Saturday, September 09, 2006

Bush Personally Signed Off On Khatami Visit

Paul Gigot, The Wall Street Journal:
ABOARD AIR FORCE ONE -- Speaker Nancy Pelosi?

"That's not going to happen," snaps the president of the United States, leaning across his desk in his airborne office. He had been saying that he hoped to revisit Social Security reform next year, when he "will be able to drain the politics out of the issue," and I rudely interrupted by noting the polls predicting Ms. Pelosi's ascension.

"I just don't believe it," the president insists. "I believe the Republicans will end up being -- running the House and the Senate. And the reason why I believe it is because when our candidates go out and talk about the strength of this economy, people will say their tax cuts worked, their plan worked. . . . And secondly, that this is a group of people that understand the stakes of the world in which we live and are willing to help this unity government in Iraq succeed for the sake of our children and grandchildren, and that we are steadfast in our belief in the capacity of liberty to bring peace."

Love or loathe President George W. Bush, you can't say he lacks the courage of his convictions. Down in the polls, with the American people in a sour mood over Iraq, Mr. Bush isn't changing his policy or hunkering down in the Oval Office. Instead he's doubling down, investing whatever scarce political capital he has to frame the November contest as a choice over the economy and taxes and especially over his prosecution of the war on terror.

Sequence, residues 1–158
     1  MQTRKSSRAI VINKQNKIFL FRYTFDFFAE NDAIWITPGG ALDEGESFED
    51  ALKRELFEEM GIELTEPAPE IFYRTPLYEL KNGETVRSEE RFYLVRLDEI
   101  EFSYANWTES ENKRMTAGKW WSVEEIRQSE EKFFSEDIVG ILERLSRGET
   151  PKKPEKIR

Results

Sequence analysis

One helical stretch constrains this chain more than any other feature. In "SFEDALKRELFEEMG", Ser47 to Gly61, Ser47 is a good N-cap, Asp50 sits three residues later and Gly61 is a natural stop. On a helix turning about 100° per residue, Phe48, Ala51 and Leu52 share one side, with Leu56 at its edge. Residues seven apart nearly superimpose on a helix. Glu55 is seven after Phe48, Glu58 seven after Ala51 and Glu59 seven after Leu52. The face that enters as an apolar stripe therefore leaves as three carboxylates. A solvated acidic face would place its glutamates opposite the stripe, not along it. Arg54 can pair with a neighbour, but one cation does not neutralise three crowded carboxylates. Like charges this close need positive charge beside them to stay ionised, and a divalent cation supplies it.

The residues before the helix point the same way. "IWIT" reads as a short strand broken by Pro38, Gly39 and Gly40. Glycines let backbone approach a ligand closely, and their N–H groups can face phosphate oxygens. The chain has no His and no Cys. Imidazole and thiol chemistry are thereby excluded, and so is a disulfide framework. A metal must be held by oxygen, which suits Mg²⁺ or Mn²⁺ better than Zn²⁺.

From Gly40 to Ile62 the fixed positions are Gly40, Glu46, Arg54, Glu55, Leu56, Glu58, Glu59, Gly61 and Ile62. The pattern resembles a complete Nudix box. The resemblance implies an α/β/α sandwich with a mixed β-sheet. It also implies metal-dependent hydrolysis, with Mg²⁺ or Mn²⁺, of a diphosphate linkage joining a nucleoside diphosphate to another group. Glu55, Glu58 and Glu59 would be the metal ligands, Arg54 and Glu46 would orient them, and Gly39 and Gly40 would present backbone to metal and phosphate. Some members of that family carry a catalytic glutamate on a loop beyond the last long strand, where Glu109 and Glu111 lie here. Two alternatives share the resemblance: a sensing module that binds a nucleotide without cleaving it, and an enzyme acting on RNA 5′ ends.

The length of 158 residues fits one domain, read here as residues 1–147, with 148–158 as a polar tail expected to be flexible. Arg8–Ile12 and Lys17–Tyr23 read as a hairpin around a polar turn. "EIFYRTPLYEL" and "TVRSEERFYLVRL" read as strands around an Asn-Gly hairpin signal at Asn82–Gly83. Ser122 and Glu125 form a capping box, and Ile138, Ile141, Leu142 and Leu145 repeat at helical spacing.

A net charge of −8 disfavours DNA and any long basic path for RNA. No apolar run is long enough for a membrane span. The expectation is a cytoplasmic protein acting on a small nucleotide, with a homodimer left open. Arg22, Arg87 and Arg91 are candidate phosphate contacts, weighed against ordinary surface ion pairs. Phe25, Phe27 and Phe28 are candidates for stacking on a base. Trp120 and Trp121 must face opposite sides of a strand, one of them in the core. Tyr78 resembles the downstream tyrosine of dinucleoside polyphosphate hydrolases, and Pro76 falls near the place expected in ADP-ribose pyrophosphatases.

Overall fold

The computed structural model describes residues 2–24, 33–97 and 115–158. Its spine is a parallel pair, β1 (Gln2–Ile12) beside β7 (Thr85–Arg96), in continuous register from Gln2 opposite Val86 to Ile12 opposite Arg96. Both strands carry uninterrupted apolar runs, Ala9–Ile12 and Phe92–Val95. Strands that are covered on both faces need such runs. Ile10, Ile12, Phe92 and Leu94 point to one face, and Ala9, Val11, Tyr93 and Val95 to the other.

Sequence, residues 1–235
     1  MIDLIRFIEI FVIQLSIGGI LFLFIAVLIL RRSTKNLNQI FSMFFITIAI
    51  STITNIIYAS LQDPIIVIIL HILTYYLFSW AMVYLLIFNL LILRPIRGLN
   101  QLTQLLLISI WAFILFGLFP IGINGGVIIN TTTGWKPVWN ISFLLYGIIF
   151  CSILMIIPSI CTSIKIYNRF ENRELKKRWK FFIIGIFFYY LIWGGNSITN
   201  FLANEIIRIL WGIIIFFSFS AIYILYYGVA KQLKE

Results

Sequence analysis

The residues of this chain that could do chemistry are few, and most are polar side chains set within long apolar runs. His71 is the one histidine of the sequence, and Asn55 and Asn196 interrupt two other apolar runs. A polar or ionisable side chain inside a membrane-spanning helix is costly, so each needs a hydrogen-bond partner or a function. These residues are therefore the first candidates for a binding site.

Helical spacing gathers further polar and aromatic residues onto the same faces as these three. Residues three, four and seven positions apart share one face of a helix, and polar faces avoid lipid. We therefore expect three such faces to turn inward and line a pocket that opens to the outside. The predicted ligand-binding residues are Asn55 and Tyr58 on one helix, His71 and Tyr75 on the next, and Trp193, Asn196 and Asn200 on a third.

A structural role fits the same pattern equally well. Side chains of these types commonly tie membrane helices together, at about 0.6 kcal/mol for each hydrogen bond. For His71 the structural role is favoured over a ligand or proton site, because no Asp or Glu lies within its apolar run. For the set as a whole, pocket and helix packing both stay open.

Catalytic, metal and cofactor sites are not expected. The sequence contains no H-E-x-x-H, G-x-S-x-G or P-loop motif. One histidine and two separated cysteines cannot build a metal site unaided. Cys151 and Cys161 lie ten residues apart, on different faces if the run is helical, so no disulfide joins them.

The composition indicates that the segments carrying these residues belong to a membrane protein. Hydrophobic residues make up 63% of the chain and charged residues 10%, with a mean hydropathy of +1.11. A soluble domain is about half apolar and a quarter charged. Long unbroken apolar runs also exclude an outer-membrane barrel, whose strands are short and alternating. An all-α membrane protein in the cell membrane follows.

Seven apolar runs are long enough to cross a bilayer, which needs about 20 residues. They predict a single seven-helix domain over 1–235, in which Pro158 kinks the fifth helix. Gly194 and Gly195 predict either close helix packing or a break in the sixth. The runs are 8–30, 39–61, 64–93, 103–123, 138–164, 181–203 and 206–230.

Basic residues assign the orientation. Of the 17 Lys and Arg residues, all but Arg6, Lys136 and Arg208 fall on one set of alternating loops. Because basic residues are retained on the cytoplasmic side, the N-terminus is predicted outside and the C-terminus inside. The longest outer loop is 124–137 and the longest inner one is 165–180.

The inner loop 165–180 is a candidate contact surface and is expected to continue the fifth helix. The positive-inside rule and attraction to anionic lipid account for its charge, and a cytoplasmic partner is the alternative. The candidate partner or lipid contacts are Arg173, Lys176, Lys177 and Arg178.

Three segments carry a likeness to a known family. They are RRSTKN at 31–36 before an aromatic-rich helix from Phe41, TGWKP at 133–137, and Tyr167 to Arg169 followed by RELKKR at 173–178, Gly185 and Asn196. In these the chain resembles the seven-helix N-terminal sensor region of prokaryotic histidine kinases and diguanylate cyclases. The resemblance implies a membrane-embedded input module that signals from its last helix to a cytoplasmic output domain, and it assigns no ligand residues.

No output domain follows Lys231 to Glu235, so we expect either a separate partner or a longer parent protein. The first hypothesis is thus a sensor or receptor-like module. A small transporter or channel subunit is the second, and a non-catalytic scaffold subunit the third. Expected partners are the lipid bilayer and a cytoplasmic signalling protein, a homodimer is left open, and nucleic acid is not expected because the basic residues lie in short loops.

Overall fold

The strategy carries no small risk, because if Republicans lose, Democrats will feel even more emboldened to challenge him on national security. The final two years of his presidency could be dreadful and the chances of a U.S. retreat in Iraq would multiply. On the other hand, his senior aides say, Mr. Bush will be blamed if Republicans lose in any case, so he might as well play his strongest hand to prevent such a result. And if the GOP holds both houses, he'll deserve much of the credit.

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The president is certainly in feisty, even passionate, form as I meet him for 40-some minutes Thursday afternoon, coming off the third of his speeches this week on the lessons of 9/11 and a fund-raiser in Savannah, Ga., for GOP House candidate Max Burns. The critics are saying the Bush Doctrine of spreading democracy in the Middle East is dead, but the Beltway coroners must not have talked with Mr. Bush. I pose the frequent complaint that his policy has succeeded only in unleashing the radical Furies in Palestine, Lebanon and Iraq.

[George W. Bush]

"I would remind the critics of the freedom agenda that the policy prior to September 11th was stability for the sake of stability: Let us not worry about the form of government. Let us simply worry about whether or not the world appears stable, whether or not we achieve short-term geopolitical gain," he says. "And it looked like that policy was working, and, frankly, it made some sense when it came to dealing with the Middle East vis-à-vis the Communists.